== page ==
Habitat heterogeneity influences the response of microbial communities to severe low-flow periods in alluvial wetlands

Authors

  • Arnaud Foulquier,

    Corresponding author
    1. IRSTEA, UR MALY, Villeurbanne, France
    2. INRA, Université de Savoie – UMR Carrtel, Thonon, France
    • Correspondence: Arnaud Foulquier, IRSTEA, UR MALY, Laboratoire Ecologie Microbienne des Hydrosystèmes Anthropisés, 5 rue de la Doua, 69626 Villeurbanne Cedex, France.

      E-mail: arnaud.foulquier@gmail.com

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  • Arnaud Dehedin,

    1. Université de Lyon, UMR5023 Ecologie des Hydrosystèmes Naturels et Anthropisés, Université Lyon, Université Lyon 1, ENTPE, CNRS, Villeurbanne, France
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  • Christophe Piscart,

    1. Université de Lyon, UMR5023 Ecologie des Hydrosystèmes Naturels et Anthropisés, Université Lyon, Université Lyon 1, ENTPE, CNRS, Villeurbanne, France
    Current affiliation:
    1. UMR CNRS 6553 Ecobio, Université de Rennes 1, Rennes, France
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  • Bernard Montuelle,

    1. INRA, Université de Savoie – UMR Carrtel, Thonon, France
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  • Pierre Marmonier

    1. Université de Lyon, UMR5023 Ecologie des Hydrosystèmes Naturels et Anthropisés, Université Lyon, Université Lyon 1, ENTPE, CNRS, Villeurbanne, France
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Summary

  1. Microbial communities play a central role in the functioning of freshwater ecosystems, but the impact of severe low flow on microbial processes at the floodplain scale is largely unexplored, especially in terms of patterns in decline of water level. The differential responses of benthic and interstitial microbial communities are also unknown.
  2. We explored the structural and functional responses of bacterial and fungal communities to severe low-flow periods at the surface and deep in the sediment of three types of wetland, namely running water, upwelling zones and isolated pools.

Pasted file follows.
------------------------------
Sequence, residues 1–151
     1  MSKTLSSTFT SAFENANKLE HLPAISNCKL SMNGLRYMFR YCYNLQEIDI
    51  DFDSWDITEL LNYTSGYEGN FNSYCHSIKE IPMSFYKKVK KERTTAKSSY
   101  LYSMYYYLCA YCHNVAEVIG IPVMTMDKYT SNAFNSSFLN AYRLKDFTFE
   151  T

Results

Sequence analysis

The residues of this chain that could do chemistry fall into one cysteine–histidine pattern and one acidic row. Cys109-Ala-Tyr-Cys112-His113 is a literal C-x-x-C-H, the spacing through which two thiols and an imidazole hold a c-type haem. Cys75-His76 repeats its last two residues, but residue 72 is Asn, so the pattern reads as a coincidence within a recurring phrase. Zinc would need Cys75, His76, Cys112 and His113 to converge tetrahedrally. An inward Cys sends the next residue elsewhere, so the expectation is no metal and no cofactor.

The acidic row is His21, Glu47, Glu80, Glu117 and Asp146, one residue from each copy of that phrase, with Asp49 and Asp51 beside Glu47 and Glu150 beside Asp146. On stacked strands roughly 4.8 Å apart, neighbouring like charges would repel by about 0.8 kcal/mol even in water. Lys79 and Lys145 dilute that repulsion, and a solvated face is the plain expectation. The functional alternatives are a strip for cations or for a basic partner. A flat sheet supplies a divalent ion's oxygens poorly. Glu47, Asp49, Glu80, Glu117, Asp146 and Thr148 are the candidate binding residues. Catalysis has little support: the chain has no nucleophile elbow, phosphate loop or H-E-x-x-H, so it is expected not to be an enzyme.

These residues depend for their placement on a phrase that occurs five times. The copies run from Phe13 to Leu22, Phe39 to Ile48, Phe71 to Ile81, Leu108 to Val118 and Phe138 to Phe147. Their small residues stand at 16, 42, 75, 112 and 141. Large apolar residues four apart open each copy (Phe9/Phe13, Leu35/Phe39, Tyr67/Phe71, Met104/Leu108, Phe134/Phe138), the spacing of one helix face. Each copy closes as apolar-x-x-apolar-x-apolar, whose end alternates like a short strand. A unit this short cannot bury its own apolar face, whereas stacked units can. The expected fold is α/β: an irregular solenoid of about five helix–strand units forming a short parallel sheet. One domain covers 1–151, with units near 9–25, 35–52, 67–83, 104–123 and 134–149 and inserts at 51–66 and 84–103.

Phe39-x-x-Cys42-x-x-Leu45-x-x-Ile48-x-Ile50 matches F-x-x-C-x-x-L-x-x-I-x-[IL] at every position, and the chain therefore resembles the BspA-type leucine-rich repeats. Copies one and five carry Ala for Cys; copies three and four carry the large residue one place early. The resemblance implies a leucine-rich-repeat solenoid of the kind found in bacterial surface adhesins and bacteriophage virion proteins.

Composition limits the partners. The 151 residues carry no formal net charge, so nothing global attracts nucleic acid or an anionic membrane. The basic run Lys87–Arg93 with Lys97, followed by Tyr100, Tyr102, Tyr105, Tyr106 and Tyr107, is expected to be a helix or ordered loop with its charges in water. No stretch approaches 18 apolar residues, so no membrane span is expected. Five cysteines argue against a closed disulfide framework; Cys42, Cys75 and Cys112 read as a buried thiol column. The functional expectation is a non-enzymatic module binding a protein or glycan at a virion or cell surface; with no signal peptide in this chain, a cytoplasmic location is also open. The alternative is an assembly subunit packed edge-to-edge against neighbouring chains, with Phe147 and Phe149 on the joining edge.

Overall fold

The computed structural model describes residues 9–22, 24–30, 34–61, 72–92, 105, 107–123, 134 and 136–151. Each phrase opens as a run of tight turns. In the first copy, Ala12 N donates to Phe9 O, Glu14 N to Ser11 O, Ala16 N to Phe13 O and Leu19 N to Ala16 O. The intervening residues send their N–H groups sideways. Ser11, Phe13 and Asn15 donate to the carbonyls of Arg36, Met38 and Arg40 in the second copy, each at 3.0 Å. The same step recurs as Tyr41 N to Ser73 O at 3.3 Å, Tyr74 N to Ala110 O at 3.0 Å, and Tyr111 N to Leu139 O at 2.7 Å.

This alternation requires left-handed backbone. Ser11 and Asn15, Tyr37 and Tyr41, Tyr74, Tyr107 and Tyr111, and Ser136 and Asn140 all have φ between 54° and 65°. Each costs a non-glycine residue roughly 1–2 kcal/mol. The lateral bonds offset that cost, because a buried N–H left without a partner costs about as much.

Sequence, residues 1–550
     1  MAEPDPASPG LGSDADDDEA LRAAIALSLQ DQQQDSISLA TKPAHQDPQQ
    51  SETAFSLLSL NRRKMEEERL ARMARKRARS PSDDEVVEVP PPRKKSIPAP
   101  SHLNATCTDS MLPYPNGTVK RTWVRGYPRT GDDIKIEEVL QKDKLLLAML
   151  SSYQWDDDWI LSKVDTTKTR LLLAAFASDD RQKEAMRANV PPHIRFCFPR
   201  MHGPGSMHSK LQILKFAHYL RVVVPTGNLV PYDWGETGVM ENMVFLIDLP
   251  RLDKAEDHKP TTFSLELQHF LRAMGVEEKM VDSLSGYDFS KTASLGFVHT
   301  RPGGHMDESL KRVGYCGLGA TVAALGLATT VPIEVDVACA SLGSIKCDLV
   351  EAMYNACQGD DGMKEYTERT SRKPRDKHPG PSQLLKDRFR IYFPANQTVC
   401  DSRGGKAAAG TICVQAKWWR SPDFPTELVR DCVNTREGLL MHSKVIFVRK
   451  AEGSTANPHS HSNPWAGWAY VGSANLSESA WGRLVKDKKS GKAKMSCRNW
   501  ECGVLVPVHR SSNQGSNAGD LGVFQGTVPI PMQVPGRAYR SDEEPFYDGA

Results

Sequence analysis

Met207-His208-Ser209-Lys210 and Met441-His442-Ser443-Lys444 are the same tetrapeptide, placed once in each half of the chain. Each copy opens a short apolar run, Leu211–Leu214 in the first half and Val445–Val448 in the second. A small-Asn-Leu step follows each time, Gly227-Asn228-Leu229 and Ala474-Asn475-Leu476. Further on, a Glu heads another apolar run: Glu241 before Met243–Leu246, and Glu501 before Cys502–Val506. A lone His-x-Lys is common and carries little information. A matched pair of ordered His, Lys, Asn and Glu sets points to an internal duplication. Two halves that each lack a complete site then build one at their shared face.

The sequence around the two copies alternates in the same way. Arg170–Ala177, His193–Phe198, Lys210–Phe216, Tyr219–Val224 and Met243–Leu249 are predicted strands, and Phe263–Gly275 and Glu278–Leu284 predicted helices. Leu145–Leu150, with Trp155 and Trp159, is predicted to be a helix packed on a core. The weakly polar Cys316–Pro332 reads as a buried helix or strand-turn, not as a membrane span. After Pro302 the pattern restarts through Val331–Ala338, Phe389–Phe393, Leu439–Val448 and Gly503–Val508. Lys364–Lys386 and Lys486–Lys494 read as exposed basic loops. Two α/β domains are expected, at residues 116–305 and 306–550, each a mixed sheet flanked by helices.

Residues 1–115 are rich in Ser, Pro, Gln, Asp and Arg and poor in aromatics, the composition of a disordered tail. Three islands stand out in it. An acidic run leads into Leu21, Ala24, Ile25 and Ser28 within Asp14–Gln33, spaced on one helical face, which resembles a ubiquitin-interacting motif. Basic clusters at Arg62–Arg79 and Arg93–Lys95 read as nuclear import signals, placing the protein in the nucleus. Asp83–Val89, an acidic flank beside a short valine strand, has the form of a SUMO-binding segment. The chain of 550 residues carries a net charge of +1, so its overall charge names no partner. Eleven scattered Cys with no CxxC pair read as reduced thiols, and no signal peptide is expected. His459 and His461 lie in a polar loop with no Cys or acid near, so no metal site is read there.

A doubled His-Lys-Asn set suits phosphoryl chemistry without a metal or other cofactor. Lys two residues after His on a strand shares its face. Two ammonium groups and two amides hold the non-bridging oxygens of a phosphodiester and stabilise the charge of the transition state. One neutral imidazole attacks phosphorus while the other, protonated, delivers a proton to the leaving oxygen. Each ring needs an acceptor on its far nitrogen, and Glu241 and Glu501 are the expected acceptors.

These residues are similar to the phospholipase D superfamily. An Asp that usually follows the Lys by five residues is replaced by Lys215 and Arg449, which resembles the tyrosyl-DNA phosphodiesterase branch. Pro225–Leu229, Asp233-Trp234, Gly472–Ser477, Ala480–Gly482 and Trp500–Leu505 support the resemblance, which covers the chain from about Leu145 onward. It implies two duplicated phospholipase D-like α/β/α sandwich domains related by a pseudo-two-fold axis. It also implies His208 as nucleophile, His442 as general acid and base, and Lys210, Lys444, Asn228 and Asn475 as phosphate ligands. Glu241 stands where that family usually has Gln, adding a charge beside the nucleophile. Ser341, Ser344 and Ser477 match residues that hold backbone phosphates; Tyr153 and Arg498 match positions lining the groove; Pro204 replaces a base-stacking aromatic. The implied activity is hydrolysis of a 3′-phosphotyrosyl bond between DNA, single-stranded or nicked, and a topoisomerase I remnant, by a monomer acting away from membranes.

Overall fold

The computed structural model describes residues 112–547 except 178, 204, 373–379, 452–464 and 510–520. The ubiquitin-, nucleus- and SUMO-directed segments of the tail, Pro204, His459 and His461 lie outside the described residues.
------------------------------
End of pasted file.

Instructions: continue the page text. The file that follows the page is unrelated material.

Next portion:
3. The different wetland types exhibited distinct microbial communities but the low-flow period induced homogenisation of community composition among wetland types. Despite a convergence in microbial community composition, the response of microbial processes differed among wetland types during the low-flow period: a decrease in biomass and activity in running water and upwelling sites contrasted with an increase observed in isolated pools.
  4. Microbial communities and processes deep in the sediment appeared less affected by the low-flow period and wetland type, but were not insensitive. Homogenisation of community compositions at 50 cm depth was observed 1 month after the low-flow period, suggesting drivers distinct from those at the surface. Our results demonstrate the predominant effect of environmental conditions on rates of microbial processes as opposed to community composition.
  5. Wetland heterogeneity, in terms of modalities of water level decrease, seems to be important for the maintenance of microbial processes at the floodplain scale in the context of increasing frequency and severity of low-flow periods.

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